FOR THE BLIND - A SPORT OF AWESOME AGILITY
the last wicket of Karnataka team fell, the ground
burst into joy suddenly. The innocent faces celebrated
the victory by embracing, shaking hands and clapping.
They exuded a feeling that they have conquered the whole
world! This was the scene at the Gymkhana grounds
on the event of All India under-18 Cricket Tournment
for the blind. Though the players were visually handicapped,
the enthusiasm shown by these cricketers was remarkable.
The All India under-18 cricket tournament for the blind
was the first of its kind in
India and five teams, Dehradun, Uttar Pradesh, Delhi,
Karnataka and Andhra Pradesh, participated
in it. The tournament was conducted in round Robin league
system and each team played the other team 4 times each.
In the finals, batting first, AP team scored 258 runs
from 30 overs where as Karnataka could score only 195
runs from 23 overs. Andhra Pradesh team might have won
the tournament by beating Karnataka, but in real terms
it was a victory for the players who displayed unmatched
sportsman spirit by overcoming the disability. All India
under-18 tournment held in Hyderabad was a preliminary
event to the 2002 World Cup to be held in New
first world cup for the blind, which was held in New
Delhi in 1998, saw real recognition for this form
of cricket. The same year the Association of Cricket
for the Blind in India (ACBI) was instituted to administer
and promote the sport among the blind in the country.
Today there are many stars who are just beginning to excel
in cricket. Some of them are Shailender, the only
century hero in the tournment, from Dehradun and Shekhar
Nayak from Karnataka. Andhra Pradesh too has produced
some star cricketers and they are gearing up for the next
world cup. Mr P. Chandrashekhar, coach of the AP
cricket team for the blind, speaking to hyderabad-best.com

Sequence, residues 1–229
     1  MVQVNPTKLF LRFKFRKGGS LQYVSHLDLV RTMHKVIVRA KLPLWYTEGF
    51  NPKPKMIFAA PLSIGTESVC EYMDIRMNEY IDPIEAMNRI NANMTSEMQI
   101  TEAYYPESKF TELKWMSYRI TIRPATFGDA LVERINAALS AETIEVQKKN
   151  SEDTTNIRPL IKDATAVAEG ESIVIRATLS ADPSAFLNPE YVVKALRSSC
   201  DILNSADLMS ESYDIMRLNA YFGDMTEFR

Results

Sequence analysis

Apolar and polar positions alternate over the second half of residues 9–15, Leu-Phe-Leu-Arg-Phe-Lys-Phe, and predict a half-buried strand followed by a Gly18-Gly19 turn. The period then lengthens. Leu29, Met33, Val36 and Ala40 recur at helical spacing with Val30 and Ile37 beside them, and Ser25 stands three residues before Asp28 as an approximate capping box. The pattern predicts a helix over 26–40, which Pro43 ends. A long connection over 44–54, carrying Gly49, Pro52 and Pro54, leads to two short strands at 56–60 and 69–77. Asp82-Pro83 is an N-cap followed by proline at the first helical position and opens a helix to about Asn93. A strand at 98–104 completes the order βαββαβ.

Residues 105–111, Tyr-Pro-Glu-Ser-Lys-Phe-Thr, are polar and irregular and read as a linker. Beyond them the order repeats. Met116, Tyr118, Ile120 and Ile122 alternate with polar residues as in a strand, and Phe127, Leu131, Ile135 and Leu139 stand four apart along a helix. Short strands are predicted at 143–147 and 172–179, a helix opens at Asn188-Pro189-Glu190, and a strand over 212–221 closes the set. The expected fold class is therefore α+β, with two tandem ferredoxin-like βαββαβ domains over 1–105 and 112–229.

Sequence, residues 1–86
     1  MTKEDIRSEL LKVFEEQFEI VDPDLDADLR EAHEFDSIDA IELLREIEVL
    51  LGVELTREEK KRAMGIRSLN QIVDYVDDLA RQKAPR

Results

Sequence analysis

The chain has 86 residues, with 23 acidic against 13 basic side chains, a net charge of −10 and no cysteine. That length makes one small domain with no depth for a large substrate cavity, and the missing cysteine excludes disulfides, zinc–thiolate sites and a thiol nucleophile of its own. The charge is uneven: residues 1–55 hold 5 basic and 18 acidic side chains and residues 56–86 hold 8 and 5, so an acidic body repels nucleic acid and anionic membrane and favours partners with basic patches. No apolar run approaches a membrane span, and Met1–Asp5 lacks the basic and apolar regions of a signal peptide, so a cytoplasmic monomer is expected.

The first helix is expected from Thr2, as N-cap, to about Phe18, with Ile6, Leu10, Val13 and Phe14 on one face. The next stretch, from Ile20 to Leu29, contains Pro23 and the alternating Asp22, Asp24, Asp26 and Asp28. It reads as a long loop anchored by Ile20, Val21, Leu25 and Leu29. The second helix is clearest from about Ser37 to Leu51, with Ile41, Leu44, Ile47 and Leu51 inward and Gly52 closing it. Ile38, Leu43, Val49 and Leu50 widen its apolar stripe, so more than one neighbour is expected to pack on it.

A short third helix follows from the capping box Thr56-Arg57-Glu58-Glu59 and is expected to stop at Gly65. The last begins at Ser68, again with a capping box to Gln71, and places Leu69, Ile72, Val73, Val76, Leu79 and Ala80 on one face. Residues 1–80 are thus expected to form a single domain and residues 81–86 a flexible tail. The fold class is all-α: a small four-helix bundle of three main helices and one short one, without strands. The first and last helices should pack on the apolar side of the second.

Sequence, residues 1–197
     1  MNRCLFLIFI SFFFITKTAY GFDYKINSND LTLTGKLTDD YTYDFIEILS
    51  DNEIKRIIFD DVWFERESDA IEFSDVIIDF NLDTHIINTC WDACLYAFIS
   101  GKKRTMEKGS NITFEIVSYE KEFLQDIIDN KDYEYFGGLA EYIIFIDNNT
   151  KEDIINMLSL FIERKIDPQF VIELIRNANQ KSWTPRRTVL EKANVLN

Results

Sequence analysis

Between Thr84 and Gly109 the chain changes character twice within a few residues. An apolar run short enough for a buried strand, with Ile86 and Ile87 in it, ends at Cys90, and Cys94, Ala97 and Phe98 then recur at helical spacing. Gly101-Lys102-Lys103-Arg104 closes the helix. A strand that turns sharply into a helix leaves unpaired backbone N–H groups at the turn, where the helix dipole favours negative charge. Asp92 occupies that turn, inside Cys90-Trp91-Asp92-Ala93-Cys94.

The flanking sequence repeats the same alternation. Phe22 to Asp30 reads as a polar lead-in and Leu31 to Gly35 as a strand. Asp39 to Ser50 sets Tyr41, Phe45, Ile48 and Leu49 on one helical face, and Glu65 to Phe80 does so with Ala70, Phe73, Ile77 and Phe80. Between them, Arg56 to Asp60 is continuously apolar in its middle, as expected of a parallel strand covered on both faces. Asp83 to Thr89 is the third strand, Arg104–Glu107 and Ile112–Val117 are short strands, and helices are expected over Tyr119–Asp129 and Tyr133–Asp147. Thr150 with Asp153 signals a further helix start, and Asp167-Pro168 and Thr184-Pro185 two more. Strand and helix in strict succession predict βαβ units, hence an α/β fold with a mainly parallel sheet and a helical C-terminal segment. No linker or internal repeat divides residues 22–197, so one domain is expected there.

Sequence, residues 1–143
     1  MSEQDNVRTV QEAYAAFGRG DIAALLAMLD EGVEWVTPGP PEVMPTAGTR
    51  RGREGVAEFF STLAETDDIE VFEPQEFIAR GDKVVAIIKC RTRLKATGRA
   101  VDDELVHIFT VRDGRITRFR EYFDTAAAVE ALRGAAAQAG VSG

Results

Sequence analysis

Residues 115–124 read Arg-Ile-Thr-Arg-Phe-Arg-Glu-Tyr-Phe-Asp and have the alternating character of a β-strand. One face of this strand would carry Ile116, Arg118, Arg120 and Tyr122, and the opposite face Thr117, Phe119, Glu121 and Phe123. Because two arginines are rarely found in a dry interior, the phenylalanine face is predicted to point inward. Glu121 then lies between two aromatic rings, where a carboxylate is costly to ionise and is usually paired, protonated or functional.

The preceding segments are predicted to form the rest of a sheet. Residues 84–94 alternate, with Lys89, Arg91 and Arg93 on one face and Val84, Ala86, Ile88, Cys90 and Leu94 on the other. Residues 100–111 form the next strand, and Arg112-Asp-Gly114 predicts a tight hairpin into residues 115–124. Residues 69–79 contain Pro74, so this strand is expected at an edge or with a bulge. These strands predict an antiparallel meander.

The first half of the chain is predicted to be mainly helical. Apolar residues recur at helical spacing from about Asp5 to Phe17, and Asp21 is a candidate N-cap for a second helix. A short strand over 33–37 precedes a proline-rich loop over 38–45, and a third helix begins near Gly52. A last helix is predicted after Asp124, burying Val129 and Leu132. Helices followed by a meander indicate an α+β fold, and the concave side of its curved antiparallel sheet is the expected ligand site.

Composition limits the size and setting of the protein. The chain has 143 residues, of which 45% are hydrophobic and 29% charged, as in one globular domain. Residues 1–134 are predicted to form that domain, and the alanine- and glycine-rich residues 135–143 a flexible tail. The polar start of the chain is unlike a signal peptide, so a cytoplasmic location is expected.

says, "There are 40-50 good players from Andhra
Pradesh and around 7 players are sure to get selected
for the all India team. P Sridhar, Nanaji, the captain
of the AP under-18 team and Ramu, all hailing from Devnar
Foundation for the Blind are some of the cricketers who
could be an asset to Indian cricket in future."
are immense benefits to the visually impaired from the
game of cricket. It makes them strong and removes the
inferior feeling that always bothers them. "Cricket
prepares the visually impaired to face the challenges
in life. The game helps in rehabilitation of the mind,
building confidence and fostering competitive spirit,"
says Chandra Shekhar. It also helps in developing leadership
qualities, discipline and will power, essential elements
to win the game of life.
Cricket for the blind is played using a hard plastic ball
which is white in colour. The ball is filled with tiny
ball bearings that rattle when the ball moves. The wickets
are made of metal and are screwed together to ensure they
are aligned. The bowler shouts when he is about to deliver
the ball and the batsman replies when he is ready. The
bowling is always under arm. Apart from a few rules which
have been adapted for the blind, all rules of regular
cricket rules apply to this game.
there are some problems that have to be overcome to make
cricket for the blind popular. Lack of good grounds, facilities,
encouragement and sponsorships are some of them. "We
are not provided proper grounds to play and are often
forced to play in hockey and football grounds,"
says Gulab Singh, coach of the Delhi cricket team, which
participated in the tournament. This is not the only problem
upsetting cricket for the blind, there are some other
problems like lack of specialist umpires to officiate
the game. "There are certain rules which are quite
different in this form of cricket and special umpires
who have knowledge of rules and regulations of cricket
for the blind should be employed," says Gulab Singh.